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"Keeping the Dream Alive: The King Papers Project's Liberation Curriculum,"

by Clayborne Carson & Erin Cook January/February 2003 issue of Poverty & Race

Help me, O God, to see that I’m just a symbol of a movement…
O God, help me to see that where I stand today,
I stand because others helped me to stand there
And because the forces of history projected me there.
And this moment would have come in history
Even if M.L. King had never been born.


-- Martin Luther King, Jr.

These words, spoken by Martin Luther King, Jr. as he rose to national prominence, reflect the Liberation Curriculum’s (LC) effort to change the way young people think about King, the modern African-American freedom struggle, and the ongoing struggle for social justice. While the national King Holiday has provided an important educational opportunity for many students, the history of King, and his relationship with the movements in which he participated, has often been distorted. Students continue to learn about King as a Great Man who initiated and directed the southern civil rights campaigns of the 1950s and 1960s, rather than as one of the many exceptional leaders and organizers to emerge from the movement. The Liberation Curriculum illuminates King’s place in history, offering the empowering message that ordinary people can make extraordinary contributions to the cause of social justice.

The LC is one of several educational efforts initiated by the Martin Luther King, Jr., Papers Project (KPP) at Stanford University. In 1985 Coretta Scott King, the founding president of the King Center in Atlanta, invited Stanford University historian Clayborne Carson to become the editor of King’s papers, and, as a result of Dr. Carson's selection, the KPP became a cooperative venture of Stanford University, the King Center, and the King Estate. Since then, the KPP’s staff and talented student researchers from dozens of universities have contacted archives and located personal collections throughout the world, assembling a vast amount of King-related information – more than three hundred thousand documents and audio-visual materials. The KPP’s principal mission has been to publish a definitive, fourteen-volume, chronologically-organized edition of King’s most significant correspondence, sermons, speeches, published writings, and unpublished manuscripts.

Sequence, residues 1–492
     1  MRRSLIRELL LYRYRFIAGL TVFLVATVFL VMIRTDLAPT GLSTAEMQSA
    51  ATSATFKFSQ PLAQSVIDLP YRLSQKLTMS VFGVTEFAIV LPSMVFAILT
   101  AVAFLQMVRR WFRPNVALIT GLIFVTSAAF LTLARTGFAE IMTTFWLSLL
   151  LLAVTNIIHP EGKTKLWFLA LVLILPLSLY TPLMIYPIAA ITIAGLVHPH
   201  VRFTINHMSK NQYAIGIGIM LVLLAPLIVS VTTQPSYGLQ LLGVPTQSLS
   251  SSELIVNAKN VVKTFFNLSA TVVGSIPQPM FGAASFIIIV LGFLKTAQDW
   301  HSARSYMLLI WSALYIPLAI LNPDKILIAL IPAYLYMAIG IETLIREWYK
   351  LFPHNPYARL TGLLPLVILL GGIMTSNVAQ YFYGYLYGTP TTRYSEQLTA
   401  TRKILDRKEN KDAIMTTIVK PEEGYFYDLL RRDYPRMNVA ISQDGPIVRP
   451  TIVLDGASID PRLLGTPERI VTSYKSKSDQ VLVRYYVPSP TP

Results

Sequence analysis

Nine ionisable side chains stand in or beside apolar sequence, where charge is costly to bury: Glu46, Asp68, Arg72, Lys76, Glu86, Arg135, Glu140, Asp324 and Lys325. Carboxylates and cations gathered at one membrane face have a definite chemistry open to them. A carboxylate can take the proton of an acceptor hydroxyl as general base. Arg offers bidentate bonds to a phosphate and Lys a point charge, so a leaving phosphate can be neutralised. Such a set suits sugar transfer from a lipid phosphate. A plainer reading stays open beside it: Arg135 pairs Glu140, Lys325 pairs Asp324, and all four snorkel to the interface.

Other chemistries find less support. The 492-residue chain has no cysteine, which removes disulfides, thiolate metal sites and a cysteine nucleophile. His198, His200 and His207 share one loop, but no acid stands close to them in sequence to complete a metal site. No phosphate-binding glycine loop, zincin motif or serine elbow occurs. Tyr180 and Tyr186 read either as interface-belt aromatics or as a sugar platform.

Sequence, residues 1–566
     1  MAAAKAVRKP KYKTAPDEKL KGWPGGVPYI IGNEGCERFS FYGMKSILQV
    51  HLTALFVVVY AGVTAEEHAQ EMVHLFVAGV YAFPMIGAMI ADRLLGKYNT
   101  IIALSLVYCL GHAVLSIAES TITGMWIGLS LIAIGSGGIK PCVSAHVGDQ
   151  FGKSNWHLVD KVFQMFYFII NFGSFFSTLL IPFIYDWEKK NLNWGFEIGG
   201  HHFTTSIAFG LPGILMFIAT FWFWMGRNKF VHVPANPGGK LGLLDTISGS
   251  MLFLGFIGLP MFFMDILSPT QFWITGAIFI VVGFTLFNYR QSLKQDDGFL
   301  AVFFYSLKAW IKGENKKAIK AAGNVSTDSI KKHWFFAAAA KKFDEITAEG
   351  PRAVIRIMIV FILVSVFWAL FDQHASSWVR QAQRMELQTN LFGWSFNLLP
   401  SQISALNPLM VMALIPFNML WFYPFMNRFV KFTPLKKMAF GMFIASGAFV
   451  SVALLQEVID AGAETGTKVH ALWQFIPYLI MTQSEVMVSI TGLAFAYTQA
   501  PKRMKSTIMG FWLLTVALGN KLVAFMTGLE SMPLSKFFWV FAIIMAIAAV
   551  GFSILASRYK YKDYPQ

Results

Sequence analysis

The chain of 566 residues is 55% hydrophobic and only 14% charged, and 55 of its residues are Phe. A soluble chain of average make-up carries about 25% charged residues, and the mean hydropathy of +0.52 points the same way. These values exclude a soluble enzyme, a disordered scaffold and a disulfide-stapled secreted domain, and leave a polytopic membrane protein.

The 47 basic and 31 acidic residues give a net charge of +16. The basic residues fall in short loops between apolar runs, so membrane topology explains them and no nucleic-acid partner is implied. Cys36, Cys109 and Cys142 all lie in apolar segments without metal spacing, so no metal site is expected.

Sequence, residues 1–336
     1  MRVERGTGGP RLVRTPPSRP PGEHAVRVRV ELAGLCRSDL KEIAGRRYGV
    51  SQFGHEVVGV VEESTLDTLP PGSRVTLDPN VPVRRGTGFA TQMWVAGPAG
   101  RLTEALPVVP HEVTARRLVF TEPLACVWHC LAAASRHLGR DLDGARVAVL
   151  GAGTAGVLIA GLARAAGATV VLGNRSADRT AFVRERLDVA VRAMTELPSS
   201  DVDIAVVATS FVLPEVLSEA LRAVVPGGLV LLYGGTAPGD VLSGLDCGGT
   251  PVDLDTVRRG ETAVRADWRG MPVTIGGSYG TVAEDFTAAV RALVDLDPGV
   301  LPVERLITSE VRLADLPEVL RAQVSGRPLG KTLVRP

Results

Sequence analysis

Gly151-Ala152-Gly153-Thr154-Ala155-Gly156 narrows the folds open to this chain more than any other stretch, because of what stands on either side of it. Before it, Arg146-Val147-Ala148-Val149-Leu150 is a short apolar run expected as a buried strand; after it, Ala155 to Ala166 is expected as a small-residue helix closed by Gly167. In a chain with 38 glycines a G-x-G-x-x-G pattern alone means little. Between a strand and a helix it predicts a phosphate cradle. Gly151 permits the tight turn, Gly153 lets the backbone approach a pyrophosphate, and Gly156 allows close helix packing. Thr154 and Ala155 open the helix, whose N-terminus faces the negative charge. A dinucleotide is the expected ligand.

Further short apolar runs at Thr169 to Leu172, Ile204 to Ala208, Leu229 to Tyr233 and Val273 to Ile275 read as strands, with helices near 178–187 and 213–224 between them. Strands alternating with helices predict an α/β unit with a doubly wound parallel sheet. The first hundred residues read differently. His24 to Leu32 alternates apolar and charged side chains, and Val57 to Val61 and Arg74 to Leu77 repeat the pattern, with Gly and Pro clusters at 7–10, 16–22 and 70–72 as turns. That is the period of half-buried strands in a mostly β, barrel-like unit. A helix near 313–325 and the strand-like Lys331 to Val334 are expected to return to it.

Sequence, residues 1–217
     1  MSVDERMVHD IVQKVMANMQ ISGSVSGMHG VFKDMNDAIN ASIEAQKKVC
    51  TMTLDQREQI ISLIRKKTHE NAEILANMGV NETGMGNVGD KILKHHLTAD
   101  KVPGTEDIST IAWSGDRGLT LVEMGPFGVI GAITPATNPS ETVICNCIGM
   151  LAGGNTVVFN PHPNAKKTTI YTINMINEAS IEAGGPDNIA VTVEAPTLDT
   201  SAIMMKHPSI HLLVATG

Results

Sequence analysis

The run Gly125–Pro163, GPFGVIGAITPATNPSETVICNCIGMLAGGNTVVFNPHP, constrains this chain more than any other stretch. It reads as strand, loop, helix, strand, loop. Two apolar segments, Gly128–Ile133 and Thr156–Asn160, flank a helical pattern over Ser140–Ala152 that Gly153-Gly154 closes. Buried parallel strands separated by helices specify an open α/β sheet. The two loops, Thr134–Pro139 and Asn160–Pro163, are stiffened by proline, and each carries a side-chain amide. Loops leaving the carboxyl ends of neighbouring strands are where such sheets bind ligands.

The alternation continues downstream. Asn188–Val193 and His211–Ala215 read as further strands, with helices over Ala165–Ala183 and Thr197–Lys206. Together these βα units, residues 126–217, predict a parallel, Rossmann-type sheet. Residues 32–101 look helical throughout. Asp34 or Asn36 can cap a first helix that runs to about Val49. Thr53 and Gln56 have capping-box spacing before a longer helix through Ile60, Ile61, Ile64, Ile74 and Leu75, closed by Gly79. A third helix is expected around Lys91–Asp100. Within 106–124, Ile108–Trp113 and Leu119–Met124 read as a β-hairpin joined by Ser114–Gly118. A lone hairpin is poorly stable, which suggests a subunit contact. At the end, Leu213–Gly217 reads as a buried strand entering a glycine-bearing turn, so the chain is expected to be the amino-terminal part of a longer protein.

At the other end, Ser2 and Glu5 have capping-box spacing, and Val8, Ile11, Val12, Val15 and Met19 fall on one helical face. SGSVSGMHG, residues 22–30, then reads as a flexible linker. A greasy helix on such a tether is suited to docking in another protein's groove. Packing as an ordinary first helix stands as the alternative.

Since the first volume of The Papers of Martin Luther King, Jr. was published in 1992, the KPP has expanded its mission to include other educational initiatives designed to inform various audiences about its documentary resources and research findings. In addition to publishing the first four volumes of The Papers, the KPP’s staff has produced numerous publications intended for general as well as academic readers. These include print, audio, and e-book versions of The Autobiography of Martin Luther King, Jr. (1998), compiled from King’s autobiographical writings, A Knock at Midnight: Inspiration from the Great Sermons of Rev. Martin Luther King, Jr. (1998), and A Call to Conscience: The Landmark Speeches of Dr. Martin Luther King, Jr. (2001).

During the past five years, the KPP’s website – www.kingpapers.org – has become a major medium for its educational initiatives. Initially developed by Stanford students, the website offers users a constantly expanding collection of resources, including substantial portions of the KPP’s published texts. Through the internet, these resources, once available only to scholars in the United States, are now internationally accessible and will keep King’s legacy alive for many generations to come.